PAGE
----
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“Bite-Size Bits of Local, National, and Global History”
“Bite-Size Bits of Local, National, and Global History”
Near Manassas in Prince William County, Virginia — The American South (Mid-Atlantic)
REMOVED
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Stone House

Battlefield Landmark

 
 
Stone House Marker image. Click for full size.
Photographed By Tom Fuchs, June 10, 2006
1. Stone House Marker
Inscription.  
This building links today’s landscape to the battlefield scene. The roadbeds have not changed; thousands of soldiers noticed the Stone House as they marched through this strategic intersection.

During both battles Federals turned the former tavern into a field hospital. Bloody floorboards were hardly unique—most houses in the area became crowded with wounded men—yet in diary after diary soldiers mentioned this particular structure. The relatively unscarred walls may have provided an image of peacetime amid fields of terror.

(Photo Caption) Stone House in March 1862. The Park Service has restored and furnished the house to resemble its 1861 appearance. Much of the structure may be original: the stone walls, window frames, and some floorboards.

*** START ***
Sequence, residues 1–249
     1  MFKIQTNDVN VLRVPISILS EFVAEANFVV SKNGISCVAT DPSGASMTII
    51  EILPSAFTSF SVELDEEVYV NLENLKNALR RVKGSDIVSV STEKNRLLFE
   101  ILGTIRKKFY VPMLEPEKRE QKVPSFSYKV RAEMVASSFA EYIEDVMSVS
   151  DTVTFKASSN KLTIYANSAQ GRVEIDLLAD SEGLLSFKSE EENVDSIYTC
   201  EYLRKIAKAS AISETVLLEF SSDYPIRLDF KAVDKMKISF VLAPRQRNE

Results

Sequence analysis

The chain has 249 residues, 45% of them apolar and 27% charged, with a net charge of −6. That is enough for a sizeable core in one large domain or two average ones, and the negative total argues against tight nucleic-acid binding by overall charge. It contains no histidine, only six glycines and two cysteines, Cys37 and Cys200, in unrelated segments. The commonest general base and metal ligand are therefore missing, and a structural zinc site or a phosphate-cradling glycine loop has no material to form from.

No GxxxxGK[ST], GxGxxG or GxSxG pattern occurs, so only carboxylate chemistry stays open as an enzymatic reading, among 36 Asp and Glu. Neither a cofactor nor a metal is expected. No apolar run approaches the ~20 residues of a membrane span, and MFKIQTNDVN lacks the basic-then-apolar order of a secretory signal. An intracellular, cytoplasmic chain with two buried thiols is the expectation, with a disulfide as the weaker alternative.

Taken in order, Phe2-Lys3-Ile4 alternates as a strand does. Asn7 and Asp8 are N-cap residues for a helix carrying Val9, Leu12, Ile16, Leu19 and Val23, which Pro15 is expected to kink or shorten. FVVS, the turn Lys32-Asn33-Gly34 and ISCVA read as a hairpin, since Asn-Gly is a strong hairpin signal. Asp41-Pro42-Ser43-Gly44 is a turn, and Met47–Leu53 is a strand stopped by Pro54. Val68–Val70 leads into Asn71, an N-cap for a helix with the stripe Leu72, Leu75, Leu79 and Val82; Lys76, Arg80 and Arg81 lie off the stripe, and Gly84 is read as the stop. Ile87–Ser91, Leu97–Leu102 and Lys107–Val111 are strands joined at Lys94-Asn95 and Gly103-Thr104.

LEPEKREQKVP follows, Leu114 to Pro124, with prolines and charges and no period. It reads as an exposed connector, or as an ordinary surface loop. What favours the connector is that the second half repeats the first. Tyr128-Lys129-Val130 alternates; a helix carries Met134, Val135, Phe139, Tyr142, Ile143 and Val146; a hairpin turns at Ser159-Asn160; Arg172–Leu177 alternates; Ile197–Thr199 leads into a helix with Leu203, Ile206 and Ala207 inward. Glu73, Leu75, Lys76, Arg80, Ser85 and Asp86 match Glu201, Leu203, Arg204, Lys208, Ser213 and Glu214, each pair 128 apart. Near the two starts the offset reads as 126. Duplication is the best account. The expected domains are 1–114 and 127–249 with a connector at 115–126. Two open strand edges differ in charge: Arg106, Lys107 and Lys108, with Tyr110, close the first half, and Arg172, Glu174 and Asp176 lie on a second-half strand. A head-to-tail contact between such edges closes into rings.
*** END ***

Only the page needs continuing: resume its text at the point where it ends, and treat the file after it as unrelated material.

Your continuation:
Erected by National Park Service, U.S. Department of the Interior.
 
Topics and series. This historical marker is listed
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in this topic list: War, US Civil. In addition, it is included in the Northern Virginia Civil War Graffiti Trail series list. A significant historical month for this entry is March 1862.
 
Location. This marker has been replaced by another marker nearby. It was located near 38° 49.14′ N, 77° 31.555′ W. Marker was near Manassas, Virginia, in Prince William County. Marker could be reached from the intersection of Lee Highway (U.S. 29) and Sudley Road (Virginia Route 234), on the right when traveling west. It is in the Manassas National Battlefield Park. There is a fee per person per day to enter the park. Touch for map. Marker was at or near this postal address: 12521 Lee Hwy, Manassas VA 20109, United States of America. Touch for directions.